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I need to implement OnLongClickListener for BlackBerry platform.
It may be used for user input (ex phone keyboard implementation) or other functionality (navigation, rewind control, zoom control, etc). There are requirements:

  • target control to listen - custom ButtonField
  • it should be version compiliant with 4.5 and 4.6, so no touchEvents etc.
  • configurable long click time

Do you have some suggestions about concept and implementation?
Also, what issues I can get in using multiple listeners for same field?

Thank you!

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up vote 1 down vote accepted

Well, just straightforward advice. Override navigationClick and navigationUnclick - the storm will automatically map presses on the screen to these events.

You'll have to use a separate Thread or a Timer to actually time the click - there's no way to do that otherwise (you do get a time parameter in both events, but you want the event to fire before the unclick).

Also you'll have to be careful about what happens if the user say unclicks and then clicks again within the span of a long click interval. Probably you want to start the timer again.

Multiple listeners shouldn't provide any difficulty - assuming that whatever class implements the listener is well-behaved (doesn't do heavy processing within the callback method). Generally BlackBerry UI components can have a maximum of 1 listener at a time (that's why there's a setChangeListener instead of addChangeListener). Unless there's a compelling reason to go the android route with multiple listeners, I'd stick with just one - it'll make implementation a little easier, and it's consistent with the BB paradigm.

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Thanks Anthony, great advices! – Max Gontar Jun 13 '09 at 19:05

I have followed Anthony's advices, implementation using TimerTask and ButtonField.
Be carfull with CONSUME_CLICK style, somehow it excludes navigationClick event.
Also, I have expirienced troubles with Bold 9000/8900 simulators, navigationClick is fired after trackwheel is unclicked. But sample works fine with Storm.

Interface:

public interface LongClickListener {
    public void longClickEvent(Field field, int eventNumber);
}

Control itself:

public class LongClickButtonField extends ButtonField { 

    boolean mContinuousMode = false;
    Timer mLongClickTimer = null;

    long mLongClickDelay = 1000;
    long mContinuousPeriod = 500;	
    LongClickListener mLongClickListener = null;

    public LongClickButtonField(String label) {
    	super(label);
    }

    public LongClickButtonField(String label, boolean continuousMode) {
    	this(label);
    	mContinuousMode = continuousMode;
    }

    public void setLongClickListener(LongClickListener longClickListener) {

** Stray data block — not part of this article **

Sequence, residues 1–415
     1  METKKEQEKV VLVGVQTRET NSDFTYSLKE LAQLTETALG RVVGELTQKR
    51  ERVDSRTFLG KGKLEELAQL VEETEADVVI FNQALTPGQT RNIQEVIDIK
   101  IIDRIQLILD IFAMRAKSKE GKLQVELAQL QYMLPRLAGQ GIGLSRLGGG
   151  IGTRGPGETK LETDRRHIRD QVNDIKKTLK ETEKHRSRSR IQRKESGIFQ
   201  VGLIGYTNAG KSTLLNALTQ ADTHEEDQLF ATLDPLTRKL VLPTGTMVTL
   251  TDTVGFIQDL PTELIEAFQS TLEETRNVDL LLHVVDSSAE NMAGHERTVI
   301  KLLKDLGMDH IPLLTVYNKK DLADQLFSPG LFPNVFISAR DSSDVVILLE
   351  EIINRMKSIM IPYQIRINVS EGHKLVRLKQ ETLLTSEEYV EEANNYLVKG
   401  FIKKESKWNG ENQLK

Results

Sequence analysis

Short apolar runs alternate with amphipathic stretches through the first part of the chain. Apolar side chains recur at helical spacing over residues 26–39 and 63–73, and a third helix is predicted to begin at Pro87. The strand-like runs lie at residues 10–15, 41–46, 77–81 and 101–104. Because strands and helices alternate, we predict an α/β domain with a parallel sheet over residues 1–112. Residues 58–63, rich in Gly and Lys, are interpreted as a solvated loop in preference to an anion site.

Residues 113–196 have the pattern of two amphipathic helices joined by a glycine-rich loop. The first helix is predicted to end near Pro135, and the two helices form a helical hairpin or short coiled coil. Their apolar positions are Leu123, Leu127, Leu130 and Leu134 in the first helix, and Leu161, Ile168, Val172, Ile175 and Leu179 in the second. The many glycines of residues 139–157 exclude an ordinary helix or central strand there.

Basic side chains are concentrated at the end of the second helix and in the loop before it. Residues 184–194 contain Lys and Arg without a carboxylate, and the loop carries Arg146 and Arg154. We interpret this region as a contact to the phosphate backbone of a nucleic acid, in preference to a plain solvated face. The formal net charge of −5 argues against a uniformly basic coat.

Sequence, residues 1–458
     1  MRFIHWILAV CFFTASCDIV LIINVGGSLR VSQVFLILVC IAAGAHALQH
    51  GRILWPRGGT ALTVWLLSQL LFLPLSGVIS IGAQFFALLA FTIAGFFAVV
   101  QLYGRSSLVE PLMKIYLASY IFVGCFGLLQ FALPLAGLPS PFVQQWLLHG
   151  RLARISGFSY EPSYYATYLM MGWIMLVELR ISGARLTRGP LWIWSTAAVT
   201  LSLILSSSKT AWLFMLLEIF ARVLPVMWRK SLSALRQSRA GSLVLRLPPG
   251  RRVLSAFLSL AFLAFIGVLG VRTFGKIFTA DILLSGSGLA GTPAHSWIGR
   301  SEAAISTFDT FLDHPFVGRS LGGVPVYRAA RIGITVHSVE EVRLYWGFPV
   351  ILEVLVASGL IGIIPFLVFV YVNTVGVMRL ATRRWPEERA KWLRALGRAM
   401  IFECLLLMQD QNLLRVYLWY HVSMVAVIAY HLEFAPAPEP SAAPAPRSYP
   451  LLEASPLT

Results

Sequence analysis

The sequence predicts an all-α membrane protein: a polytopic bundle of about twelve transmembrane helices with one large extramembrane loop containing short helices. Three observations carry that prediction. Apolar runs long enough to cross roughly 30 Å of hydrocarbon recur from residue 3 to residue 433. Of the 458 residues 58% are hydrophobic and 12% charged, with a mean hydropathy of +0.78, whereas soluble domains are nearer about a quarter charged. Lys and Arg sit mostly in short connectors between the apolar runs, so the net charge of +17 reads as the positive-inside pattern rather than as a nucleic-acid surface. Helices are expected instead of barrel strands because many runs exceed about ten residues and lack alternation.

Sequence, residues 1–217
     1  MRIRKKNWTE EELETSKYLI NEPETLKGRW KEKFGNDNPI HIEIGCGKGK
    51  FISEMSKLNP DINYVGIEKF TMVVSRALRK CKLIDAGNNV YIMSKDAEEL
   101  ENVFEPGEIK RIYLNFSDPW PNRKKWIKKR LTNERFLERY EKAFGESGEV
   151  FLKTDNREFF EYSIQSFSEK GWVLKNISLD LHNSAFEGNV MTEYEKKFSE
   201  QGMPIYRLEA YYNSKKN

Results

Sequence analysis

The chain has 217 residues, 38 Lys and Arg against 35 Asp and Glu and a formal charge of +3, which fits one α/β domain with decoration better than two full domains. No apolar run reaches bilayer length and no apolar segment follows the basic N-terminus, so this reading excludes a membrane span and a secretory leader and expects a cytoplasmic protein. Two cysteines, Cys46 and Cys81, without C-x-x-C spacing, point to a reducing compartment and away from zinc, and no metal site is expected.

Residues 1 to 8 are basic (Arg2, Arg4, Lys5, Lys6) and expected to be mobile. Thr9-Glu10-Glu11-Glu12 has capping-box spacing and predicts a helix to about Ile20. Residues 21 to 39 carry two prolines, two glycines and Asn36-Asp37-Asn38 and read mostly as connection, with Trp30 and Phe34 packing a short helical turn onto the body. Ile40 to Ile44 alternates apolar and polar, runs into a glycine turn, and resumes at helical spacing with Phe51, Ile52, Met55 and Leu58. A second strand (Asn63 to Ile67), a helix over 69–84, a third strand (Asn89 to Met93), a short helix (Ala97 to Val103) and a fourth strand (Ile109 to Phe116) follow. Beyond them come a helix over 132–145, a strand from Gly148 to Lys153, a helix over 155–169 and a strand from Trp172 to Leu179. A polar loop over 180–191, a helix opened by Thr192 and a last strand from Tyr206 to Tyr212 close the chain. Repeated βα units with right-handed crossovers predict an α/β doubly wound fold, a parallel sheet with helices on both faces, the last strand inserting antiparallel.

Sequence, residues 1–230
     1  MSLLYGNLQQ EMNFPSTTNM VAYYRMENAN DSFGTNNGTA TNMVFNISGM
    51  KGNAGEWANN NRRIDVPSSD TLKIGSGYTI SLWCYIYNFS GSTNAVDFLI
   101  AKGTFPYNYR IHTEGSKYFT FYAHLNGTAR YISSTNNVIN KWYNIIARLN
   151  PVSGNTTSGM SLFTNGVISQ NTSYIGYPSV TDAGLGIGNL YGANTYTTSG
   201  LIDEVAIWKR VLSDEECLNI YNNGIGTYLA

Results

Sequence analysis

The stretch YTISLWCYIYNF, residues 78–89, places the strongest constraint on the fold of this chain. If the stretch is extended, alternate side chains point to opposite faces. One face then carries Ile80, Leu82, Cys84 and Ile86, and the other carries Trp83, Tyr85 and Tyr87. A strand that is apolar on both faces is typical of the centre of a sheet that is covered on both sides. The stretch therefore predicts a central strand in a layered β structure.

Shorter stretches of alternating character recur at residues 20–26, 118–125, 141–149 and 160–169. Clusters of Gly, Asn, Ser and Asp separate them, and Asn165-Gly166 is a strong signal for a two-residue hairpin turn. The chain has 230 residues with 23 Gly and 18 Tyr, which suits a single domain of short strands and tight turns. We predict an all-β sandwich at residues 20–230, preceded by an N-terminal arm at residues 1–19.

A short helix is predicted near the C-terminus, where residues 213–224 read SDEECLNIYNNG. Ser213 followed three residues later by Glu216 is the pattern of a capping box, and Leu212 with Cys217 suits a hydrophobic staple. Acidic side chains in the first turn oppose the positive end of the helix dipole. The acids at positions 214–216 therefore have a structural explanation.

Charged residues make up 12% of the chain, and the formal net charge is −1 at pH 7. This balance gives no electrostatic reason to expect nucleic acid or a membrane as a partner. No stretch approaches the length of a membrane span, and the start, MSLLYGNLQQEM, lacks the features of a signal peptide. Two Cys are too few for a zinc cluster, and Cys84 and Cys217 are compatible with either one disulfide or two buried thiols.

mLongClickListener = longClickListener;
    }

    protected boolean navigationClick(int status, int time) {
    	mLongClickTimer = new Timer();
    	final Field eventArg = this;
    	if(!mContinuousMode)
    	{
    	mLongClickTimer.schedule(new TimerTask() {public void run() {
    		mLongClickListener.longClickEvent(eventArg, 0);
    	}}, mLongClickDelay);
    	}
    	else
    	{
    		mLongClickTimer.schedule(new TimerTask(){
    			int eventNum= 0;
    			public void run() {				
    			mLongClickListener.longClickEvent(eventArg, eventNum);
    			eventNum++;
    		}}, mLongClickDelay, mContinuousPeriod);
    	}
    	return true;
    }

    protected boolean navigationUnclick(int status, int time) {
    	mLongClickTimer.cancel();
    	return true;
    }
}

Use:

public class Scr extends MainScreen implements LongClickListener {
    LabelField mStatusLabel = new LabelField("status") {
    	protected void paint(Graphics graphics) {
    		graphics.setColor(Color.BLACK);
    		super.paint(graphics);
    	};
    };

    public Scr() {
    	LongClickButtonField button = new LongClickButtonField(
    			"click & hold 5 s");
    	LongClickButtonField buttonContinuous = new LongClickButtonField(
    			"click & hold > 5 s", true);
    	button.setLongClickListener(this);
    	buttonContinuous.setLongClickListener(this);
    	add(mStatusLabel);
    	add(button);
    	add(buttonContinuous);
    }

    public void longClickEvent(final Field field, final int eventNumber) {
    	UiApplication.getUiApplication().invokeLater(new Runnable() {
    		public void run() {
    			mStatusLabel.setText(  
    					((ButtonField) field).getLabel()
    					+ " event #"  
    					+ String.valueOf(eventNumber));
    		}
    	});

    }
}
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@MaxGontar..you are awesome ...!!! – Anjani Joshi Nov 11 '12 at 7:32

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